American Golden-Plover

Pluvialis dominica


David Compton
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Devereux Slough
Santa Barbara, California, United States
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Latitude and Longitude 34.4136, -119.8756 Map


Media notes

Observation details

Nick Lethaby found this bird during the early afternoon, and I went to look for it a short time later. I found it in the middle of the slough, with a flock of more than 100 Black-bellied Plovers. I watched it for about a half an hour, from 50–70 meters, with the afternoon sun shining from off to the left. I watched the bird with a 20 x 60 lens in my scope, under what I considered very good viewing conditions. Size/structure: Next to the Black-bellieds, this bird was noticeably smaller, slightly more than midway in size between the Black-bellieds and nearby Dunlin. The bill was much smaller than those of the Black-bellieds, in both length and depth. My feeling was that the bill was shorter than I’ve seen on any Pacific. Leg length was difficult to gauge, since the bird was in the water the entire time. The wings projected well beyond the tertials and tail. When the wings were folded, the tips of the wings lay about as far beyond the tip of the tail as the tip of the tail projected beyond the tips of the tertials. I consistently counted four primaries projecting beyond the tertials, with the tip of another primary more or less even with tips of the tertials. The outermost primary barely projected beyond the primary next to it, but it was not hard to make out, since all the primaries had noticeable pale edges around the tips. The tips of the primaries crossed beyond the tail when the bird was at rest. Plumage: The bird’s plumage was fairly dull overall (certainly compared with some juvenile Pacifics I’ve seen), but not as dull as some juvenile American Golden-Plovers I’ve seen. The crown was darker and had brighter yellow spangling when compared with the mantle. However, the yellow spangling on the mantle was still quite noticeable. The wing coverts were duller than the mantle, nape, and crown, and I’m not even certain I could make out any yellow here. Contrasting with the dark crown was an obvious whitish supercilium. The white of the super wasn’t as bright as I’ve seen on some other Americans, or as bright as on adults of either American or Pacific. However, it was clearly white, not the buffy yellow of a juvenile Pacific. Otherwise, the face was grayish, with an indistinct dark spot behind the eye. This spot was not as dark as I’ve seen on some Pacifics. The underparts were pale, but next to the Black-bellieds appeared to have a vague brownish gray cast. Some darker brownish spots were neatly arranged on the sides of the upper breast. On the flanks, the bird had some duller, less distinct dark smudging. When the bird flew, I could see that the axillars were roughly the same color as underside of the body (they showed no trace of black) and that the tail looked solidly brown above. Bare part coloration: The eyes were black. The bill and legs were more or less black.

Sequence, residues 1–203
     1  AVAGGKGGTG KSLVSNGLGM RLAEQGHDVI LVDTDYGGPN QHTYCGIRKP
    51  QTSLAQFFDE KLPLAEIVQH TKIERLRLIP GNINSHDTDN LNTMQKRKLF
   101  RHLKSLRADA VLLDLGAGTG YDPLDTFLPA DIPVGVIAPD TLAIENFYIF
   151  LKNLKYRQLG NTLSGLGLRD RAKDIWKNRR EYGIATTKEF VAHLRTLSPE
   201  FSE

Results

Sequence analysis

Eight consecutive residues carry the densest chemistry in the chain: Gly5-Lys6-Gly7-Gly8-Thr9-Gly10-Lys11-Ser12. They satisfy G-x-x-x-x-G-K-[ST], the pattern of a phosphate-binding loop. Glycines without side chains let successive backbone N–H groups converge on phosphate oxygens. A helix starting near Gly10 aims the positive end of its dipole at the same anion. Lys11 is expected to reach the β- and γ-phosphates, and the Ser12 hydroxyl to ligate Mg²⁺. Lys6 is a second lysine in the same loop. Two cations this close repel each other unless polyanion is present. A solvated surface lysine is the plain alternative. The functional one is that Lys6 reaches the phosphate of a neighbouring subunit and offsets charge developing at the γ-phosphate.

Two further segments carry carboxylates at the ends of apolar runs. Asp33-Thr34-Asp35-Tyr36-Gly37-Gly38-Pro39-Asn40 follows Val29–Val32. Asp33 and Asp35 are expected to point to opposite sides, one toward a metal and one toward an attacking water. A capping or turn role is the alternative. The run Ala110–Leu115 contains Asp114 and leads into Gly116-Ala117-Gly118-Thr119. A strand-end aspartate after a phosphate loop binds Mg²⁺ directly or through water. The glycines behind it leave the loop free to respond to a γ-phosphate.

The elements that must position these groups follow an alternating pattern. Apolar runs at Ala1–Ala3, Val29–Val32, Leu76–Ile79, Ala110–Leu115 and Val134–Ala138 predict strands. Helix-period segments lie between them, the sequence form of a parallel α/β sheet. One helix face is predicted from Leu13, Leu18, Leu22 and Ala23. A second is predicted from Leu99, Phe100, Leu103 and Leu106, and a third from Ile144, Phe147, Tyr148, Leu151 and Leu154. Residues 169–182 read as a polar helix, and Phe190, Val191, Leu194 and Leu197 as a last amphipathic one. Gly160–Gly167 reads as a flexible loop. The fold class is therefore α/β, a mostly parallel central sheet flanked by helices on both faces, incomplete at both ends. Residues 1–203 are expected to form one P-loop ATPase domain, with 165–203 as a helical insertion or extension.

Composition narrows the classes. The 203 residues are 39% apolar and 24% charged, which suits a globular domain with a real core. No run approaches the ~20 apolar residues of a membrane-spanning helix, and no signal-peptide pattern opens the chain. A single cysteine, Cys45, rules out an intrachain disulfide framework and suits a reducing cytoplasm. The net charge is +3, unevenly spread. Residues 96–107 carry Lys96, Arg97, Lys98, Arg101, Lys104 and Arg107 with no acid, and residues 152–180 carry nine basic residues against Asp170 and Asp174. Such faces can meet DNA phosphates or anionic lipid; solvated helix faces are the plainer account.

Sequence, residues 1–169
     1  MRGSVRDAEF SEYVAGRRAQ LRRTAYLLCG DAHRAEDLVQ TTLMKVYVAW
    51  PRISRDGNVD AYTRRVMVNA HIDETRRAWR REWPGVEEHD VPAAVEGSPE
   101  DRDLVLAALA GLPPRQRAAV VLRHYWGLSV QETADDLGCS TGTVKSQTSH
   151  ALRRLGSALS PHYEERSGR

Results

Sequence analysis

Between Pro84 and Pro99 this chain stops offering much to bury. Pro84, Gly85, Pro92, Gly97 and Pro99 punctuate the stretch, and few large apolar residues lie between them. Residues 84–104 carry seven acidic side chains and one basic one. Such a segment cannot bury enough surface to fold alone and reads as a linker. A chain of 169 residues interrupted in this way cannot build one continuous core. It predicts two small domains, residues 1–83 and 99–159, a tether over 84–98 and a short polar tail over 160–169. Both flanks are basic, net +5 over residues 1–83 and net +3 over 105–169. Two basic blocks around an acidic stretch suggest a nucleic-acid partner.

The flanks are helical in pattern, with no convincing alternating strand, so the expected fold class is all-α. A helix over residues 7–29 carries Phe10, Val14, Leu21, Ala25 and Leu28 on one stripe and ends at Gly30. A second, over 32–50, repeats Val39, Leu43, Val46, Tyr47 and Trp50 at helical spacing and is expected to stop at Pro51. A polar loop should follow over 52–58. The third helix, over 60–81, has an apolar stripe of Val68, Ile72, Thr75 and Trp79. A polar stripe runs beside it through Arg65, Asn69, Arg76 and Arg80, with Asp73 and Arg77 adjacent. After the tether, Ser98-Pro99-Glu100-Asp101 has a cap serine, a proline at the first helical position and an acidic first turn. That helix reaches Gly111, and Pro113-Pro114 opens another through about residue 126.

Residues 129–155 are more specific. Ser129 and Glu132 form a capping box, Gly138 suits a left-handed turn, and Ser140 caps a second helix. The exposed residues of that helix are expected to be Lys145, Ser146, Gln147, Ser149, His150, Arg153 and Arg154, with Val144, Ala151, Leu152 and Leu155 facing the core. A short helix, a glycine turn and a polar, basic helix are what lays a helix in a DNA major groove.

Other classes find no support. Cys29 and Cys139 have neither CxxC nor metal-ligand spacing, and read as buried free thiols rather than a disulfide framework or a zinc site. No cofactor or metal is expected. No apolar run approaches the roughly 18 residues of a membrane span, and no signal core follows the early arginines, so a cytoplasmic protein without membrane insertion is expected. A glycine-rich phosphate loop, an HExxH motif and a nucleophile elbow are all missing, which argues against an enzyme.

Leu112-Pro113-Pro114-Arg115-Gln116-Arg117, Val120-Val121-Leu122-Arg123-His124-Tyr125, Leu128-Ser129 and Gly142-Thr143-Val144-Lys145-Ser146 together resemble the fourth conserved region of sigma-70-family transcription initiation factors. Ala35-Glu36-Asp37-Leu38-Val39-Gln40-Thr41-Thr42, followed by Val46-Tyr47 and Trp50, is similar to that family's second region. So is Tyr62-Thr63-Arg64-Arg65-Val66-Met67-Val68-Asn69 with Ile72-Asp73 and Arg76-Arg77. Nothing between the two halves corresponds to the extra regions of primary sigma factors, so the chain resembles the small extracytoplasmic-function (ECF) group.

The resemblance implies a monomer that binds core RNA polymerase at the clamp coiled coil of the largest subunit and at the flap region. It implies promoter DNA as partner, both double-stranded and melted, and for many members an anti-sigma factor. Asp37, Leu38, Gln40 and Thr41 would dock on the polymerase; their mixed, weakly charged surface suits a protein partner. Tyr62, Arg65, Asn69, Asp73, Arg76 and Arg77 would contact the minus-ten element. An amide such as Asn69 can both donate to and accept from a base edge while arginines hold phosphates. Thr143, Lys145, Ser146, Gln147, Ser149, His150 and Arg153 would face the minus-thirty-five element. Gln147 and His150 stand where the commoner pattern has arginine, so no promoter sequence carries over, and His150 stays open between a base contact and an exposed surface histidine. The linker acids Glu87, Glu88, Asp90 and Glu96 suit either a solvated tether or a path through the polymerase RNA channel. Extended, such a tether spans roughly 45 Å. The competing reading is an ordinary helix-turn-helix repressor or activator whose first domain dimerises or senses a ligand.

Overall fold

Technical Information

Focal length
5.4 mm
Shutter speed
43/10000 sec
Flash did not fire, auto
Original file size
439 x 349

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